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back to article Thieves lift hives as UK bee numbers drop

The UK's beekeepers are facing a new threat to their hives in the wake of a dramatic decline in honeybee numbers - the wholesale theft of colonies for sale on a burgeoning "apian black market", as the Times describes it. The value of honeybees has risen sharply as populations succumb to a combination of threats including Colony …

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Paris Hilton

ROI?

£50 per hive per year? 18 hives? £900 lost, plus the bees of course. For a £6000 investment that's a pretty poor ROI given that you've got to maintain the hives, prepare and ship the honey.

Paris, 'cos she's in it for the love too.

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Coat

perhaps...

the thieves just do it for the buzz?

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Unhappy

This is sad

Its sad for the bees, the weather is so out of balance at the moment, even my plants are really very confused and dont know whether to grow or shed their leaves so are doing both at the same time.

The weather is not much different all year round now, its no wonder - overcast most of the time.

I still love being outdoors and can only hope the situation gets better, i have seen a lot less bees but only hope to bring more of them about by growing as many flowers in my garden as possible.

I think because of the weather, the flowers are not coming out as often, and this has a knock-on effect for the bees as they need the nectar.

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Coat

It has to bee said...

The beekeepers are getting stung with this one

I'll buzz off, will I

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Bronze badge
Joke

I guess...

...these will show up on the online tat auction site eBee very shortly.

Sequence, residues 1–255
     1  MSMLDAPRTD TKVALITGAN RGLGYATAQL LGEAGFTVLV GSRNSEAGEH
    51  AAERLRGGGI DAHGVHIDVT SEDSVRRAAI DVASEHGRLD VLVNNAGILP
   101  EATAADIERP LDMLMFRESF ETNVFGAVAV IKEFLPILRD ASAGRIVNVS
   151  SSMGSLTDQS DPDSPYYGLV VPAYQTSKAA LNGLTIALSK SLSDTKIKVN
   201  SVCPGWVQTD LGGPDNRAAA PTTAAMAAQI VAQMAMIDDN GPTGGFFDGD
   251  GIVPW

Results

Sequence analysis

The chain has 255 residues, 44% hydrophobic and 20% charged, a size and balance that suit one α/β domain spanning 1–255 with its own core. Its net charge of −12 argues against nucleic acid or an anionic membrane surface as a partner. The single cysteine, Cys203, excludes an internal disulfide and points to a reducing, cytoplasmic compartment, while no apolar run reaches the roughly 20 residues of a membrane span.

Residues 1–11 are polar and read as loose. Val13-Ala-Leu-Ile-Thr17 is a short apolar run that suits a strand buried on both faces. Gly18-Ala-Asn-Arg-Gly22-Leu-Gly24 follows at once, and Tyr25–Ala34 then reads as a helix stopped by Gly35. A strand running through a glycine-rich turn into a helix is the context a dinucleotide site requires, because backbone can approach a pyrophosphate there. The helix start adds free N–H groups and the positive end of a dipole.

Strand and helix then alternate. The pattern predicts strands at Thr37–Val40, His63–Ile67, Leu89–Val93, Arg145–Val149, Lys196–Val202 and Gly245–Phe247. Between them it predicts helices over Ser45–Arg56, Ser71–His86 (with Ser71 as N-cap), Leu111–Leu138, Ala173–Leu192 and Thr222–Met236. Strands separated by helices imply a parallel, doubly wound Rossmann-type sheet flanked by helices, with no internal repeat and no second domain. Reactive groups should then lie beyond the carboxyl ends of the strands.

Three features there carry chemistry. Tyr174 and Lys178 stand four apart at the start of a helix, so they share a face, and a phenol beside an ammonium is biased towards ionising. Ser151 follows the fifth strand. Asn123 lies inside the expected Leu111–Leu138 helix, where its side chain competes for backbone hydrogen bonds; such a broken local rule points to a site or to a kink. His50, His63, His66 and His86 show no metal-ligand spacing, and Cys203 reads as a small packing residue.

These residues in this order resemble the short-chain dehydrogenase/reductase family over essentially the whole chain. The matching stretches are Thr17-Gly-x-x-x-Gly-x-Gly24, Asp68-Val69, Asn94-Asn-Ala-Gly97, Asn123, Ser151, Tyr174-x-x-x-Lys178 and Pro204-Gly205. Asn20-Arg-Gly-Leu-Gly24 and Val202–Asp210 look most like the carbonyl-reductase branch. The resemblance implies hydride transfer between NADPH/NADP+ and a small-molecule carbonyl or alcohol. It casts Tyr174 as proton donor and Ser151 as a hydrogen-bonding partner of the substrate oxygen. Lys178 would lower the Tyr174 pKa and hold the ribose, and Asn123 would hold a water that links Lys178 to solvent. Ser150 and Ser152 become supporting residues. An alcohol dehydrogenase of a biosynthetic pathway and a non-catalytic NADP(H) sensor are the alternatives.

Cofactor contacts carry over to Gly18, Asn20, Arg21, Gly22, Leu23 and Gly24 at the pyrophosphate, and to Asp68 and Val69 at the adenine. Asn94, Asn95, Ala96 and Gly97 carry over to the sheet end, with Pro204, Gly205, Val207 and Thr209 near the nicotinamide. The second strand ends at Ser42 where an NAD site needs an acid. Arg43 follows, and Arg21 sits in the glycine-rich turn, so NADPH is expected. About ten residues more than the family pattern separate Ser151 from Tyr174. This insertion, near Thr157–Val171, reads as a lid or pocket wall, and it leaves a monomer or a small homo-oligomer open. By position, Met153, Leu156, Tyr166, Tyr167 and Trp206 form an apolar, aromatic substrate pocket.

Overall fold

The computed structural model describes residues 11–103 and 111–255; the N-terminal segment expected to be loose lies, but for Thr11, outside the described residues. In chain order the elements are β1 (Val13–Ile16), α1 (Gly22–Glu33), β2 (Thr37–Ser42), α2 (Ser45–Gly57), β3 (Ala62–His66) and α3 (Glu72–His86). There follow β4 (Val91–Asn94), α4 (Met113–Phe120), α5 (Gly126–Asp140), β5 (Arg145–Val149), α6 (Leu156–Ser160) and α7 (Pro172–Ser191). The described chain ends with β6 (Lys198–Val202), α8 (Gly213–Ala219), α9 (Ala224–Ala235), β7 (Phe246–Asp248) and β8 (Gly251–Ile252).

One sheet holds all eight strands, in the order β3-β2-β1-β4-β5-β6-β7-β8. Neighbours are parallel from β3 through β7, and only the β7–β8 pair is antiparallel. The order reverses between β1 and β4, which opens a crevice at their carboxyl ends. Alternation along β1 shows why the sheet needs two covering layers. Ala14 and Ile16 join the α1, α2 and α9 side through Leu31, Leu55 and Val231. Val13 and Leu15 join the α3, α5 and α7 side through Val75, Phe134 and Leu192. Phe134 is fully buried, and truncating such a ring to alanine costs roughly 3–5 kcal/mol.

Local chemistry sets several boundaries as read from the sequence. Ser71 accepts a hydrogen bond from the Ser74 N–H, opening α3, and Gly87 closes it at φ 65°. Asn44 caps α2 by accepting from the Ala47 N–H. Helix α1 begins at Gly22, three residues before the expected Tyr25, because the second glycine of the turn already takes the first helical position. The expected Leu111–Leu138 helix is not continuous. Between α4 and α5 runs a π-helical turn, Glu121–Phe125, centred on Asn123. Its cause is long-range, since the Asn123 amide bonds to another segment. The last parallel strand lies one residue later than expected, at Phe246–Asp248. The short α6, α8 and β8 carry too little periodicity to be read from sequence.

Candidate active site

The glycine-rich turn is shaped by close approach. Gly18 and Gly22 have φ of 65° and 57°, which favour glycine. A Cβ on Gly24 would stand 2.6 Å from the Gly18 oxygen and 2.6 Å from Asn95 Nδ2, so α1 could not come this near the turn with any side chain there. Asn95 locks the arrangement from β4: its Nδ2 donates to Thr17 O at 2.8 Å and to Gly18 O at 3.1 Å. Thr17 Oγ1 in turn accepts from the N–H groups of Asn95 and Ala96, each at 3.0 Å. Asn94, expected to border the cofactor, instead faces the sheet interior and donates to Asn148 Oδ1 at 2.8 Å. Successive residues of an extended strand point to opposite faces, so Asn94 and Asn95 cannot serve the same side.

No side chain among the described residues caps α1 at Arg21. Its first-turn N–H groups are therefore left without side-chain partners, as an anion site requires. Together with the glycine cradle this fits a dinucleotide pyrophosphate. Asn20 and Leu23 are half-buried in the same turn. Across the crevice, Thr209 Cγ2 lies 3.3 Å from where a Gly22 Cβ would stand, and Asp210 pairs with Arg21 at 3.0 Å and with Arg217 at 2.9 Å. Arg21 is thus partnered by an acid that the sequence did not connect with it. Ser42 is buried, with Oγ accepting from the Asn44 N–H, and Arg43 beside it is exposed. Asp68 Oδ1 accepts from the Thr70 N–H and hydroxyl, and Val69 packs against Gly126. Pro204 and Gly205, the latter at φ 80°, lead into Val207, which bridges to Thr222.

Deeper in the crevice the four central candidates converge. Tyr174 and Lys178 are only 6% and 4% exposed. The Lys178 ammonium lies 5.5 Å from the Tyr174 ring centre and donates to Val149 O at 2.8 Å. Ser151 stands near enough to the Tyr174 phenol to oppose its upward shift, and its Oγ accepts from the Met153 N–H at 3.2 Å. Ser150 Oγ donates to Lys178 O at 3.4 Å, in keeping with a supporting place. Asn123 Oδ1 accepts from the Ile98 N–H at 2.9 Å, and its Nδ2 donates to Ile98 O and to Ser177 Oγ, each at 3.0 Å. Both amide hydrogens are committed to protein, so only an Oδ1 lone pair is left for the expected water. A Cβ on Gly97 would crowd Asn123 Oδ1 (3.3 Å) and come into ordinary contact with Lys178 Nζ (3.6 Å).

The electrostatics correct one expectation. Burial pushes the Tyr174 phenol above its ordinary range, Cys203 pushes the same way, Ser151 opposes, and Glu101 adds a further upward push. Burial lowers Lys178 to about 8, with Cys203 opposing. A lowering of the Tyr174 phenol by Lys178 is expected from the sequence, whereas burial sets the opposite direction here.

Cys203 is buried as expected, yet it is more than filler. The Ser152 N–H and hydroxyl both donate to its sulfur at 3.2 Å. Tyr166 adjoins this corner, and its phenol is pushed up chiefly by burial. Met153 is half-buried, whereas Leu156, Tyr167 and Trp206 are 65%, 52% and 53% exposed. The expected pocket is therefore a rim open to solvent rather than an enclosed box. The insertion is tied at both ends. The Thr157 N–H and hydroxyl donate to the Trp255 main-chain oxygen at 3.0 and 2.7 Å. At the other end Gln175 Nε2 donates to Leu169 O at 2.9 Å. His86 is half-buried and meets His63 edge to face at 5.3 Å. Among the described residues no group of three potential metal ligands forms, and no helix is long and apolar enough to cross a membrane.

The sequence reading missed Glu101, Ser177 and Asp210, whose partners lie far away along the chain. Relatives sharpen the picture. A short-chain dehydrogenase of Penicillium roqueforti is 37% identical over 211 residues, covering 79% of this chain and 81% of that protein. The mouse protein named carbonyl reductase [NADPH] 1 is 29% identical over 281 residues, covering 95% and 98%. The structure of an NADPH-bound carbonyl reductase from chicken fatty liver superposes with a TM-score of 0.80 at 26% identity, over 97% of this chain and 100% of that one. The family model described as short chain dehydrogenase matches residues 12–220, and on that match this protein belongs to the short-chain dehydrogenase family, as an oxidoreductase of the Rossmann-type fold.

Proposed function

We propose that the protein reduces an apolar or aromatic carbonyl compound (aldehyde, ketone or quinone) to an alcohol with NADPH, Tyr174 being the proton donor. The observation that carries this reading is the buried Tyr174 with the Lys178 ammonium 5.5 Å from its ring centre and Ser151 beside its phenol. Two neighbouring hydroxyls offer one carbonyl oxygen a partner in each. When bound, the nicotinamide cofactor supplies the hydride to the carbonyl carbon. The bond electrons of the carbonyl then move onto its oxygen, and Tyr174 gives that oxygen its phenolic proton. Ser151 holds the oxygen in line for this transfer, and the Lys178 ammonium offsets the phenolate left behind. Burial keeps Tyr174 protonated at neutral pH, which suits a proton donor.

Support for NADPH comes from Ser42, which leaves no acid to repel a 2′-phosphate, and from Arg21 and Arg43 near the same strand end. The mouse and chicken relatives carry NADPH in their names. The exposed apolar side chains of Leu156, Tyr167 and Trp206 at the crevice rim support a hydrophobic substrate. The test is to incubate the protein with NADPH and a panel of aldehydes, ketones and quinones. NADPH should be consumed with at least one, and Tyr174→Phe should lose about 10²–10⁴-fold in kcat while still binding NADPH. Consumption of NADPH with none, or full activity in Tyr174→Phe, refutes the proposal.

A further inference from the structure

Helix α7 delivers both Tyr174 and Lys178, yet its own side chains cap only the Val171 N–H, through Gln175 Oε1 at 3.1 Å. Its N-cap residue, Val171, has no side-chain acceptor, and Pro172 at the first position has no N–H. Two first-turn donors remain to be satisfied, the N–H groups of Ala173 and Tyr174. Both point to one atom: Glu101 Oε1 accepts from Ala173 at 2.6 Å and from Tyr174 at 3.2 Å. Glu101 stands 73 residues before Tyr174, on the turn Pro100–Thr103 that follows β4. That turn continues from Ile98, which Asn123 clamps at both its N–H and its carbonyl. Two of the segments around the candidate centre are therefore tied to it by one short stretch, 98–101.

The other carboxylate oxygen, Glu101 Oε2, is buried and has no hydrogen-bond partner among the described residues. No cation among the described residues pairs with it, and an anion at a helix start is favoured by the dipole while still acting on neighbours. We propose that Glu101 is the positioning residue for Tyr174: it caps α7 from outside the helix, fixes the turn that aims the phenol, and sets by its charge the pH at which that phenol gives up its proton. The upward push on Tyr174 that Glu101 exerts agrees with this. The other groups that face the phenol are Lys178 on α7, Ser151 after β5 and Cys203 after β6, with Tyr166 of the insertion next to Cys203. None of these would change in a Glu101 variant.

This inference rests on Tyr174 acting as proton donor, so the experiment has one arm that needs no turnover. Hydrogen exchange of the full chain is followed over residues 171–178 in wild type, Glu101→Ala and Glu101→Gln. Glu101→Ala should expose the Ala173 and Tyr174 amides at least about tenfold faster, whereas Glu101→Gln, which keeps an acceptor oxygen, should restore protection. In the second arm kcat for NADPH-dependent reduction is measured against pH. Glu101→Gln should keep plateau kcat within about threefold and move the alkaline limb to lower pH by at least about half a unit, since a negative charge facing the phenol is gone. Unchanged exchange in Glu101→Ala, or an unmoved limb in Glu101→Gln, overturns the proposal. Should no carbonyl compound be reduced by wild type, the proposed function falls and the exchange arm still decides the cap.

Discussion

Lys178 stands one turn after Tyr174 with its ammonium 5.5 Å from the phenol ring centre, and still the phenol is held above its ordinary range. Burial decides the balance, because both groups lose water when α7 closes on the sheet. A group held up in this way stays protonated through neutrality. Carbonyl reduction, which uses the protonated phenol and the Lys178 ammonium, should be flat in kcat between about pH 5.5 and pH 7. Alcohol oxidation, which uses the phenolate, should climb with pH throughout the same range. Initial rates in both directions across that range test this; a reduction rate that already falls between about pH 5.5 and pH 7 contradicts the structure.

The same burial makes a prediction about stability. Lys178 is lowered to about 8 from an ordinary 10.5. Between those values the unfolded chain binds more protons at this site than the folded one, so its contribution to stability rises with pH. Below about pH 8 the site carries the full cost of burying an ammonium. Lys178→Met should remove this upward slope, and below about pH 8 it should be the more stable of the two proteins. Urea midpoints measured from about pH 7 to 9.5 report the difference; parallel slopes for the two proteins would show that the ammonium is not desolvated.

(cue groans all round, mine's the one with the muslin net and gloves)

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Bronze badge
Anonymous Coward

You're missing the point, Paul Hargreaves

The primary point of the bees is to pollinate the crop, not to produce honey.

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RE:ROI?

The bees are there for the fruit/flowers whatever is being produced the honey is just a bonus.

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Jobs Horns

So long and thanks for all the pollen.

The bees are leaving the Earth while they can because they know sommat we don't, innit.

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IT Angle

Very dumb

Keep importing bees from other countries and you will keep seeing the decilne in bee population.

Prognosis not good.

Reason: Greed

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Bees and my mother

My parents found the conservatory and outside rear wall of their house COVERED with bees one day, thousands of them. Must have just upped and left wherever they were before, and decided that my parents' house was a fine new home.

So my mother called a beekeeper (after some googling), and he RUSHED round with his car and specialist gear (a beeproof suit, smoke machine and a net), grabbed the lot, gave them a couple of jars of honey as a thank you, and sped off. They weren't originally his bees, but he was happy to replace those he'd lost over the year.

Sounds like he got a good deal there, next time I'll advise them to offer the swarm on ebay. Buyer collects.

Jolyon

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not cheep cheep